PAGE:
In his study, Joshua Davis of the University of Oklahoma found that people who believed that the federal government should declare the United States a Christian nation and advocate Christian values were more likely to support the death penalty, approve of harsher punishments for criminals, and believe it was necessary to “crack down on troublemakers to save our moral standards.”
Roe v. Wade support has never been higher
Support for Roe v. Wade, the landmark 1973 Supreme Court decision that decriminalized abortion access, has reached an all-time high in the latest poll from NBC News and the Wall Street Journal.
Seventy-one percent of U.S. voters, including 52 percent of Republicans, do not believe the ruling should be reversed. Only 23 percent of respondents say Roe v. Wade should be overturned. Support for the ruling has risen six percentage points since 2005 and 13 percentage points since 1989.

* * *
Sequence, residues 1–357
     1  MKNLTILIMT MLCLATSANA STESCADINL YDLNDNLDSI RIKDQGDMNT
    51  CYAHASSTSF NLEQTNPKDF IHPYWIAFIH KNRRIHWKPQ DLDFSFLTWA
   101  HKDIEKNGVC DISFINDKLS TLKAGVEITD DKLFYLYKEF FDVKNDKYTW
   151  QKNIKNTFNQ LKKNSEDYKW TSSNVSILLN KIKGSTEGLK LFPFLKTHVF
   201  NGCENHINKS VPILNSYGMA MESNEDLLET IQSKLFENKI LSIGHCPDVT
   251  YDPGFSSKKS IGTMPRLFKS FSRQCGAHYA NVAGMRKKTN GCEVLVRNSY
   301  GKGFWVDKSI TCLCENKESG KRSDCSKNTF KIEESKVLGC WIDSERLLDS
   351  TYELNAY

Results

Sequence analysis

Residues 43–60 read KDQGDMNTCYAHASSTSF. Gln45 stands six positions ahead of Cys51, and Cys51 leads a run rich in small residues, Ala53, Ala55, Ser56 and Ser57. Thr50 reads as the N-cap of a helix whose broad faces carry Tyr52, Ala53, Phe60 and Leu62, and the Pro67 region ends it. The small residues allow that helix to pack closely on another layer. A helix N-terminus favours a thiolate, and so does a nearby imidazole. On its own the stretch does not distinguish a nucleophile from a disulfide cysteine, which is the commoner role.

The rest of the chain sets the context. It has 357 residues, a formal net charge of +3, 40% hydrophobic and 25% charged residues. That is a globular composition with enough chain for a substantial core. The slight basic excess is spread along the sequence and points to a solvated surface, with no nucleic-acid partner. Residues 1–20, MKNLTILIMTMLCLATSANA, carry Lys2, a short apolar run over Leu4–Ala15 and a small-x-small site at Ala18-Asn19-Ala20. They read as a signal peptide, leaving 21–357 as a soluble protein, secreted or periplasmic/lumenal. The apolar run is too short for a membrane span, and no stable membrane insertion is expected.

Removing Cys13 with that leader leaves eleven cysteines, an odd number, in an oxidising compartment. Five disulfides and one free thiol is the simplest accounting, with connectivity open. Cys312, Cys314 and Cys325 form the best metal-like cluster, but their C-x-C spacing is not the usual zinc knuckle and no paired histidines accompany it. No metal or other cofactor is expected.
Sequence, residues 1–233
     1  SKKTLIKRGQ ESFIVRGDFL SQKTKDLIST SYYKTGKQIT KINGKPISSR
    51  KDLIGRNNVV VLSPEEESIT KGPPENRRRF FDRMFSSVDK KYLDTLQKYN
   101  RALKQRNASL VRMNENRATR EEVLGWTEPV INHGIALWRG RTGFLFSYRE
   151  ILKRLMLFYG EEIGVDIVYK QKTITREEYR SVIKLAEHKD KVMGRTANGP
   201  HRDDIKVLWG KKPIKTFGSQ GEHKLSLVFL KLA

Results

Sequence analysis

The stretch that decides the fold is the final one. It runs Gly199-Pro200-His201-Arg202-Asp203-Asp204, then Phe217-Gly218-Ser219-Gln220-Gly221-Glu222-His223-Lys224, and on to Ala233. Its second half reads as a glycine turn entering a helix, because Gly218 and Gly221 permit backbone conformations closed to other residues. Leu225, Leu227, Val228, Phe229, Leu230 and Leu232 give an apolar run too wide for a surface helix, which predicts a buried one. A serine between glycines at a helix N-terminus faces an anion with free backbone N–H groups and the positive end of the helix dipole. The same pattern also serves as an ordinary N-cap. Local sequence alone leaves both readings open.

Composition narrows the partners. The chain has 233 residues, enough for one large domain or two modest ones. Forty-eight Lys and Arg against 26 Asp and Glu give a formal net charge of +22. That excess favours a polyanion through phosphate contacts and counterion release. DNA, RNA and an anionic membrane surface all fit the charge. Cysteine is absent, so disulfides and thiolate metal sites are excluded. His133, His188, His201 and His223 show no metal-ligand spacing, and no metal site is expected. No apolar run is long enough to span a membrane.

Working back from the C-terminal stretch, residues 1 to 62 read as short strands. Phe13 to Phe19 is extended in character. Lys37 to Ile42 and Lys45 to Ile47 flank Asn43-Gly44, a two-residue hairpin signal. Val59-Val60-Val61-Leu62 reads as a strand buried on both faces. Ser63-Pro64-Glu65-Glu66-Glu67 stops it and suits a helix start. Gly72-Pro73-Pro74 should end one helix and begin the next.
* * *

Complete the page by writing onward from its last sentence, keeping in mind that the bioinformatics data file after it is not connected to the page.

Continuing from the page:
The increased focus on abortion access follows President Donald Trump’s nomination of Brett Kavanaugh to the Supreme Court. Kavanaugh has a history of controversial rulings and remarks about reproductive rights, raising fears that Kavanaugh could join the other four conservative justices to overturn Roe v. Wade if confirmed.
GOP school candidates: Teaching creationism OK
Four out of the five Republican candidates running for state superintendent of public instruction said they believe Arizona students should be taught creationism and intelligent design as part of science learning requirements. The candidates’ comments came during a debate.
Jonathan Gelbart was the sole Republican candidate who opposed teaching students creationism and intelligent design. He is joined by Democrats Kathy Hoffman and David Schapira.
The four others — Bob Branch, Frank Riggs, Tracy Livingston and incumbent Diane Douglas — each said they believed students should be taught those topics in some capacity.
The state will likely decide on new science standards later this year.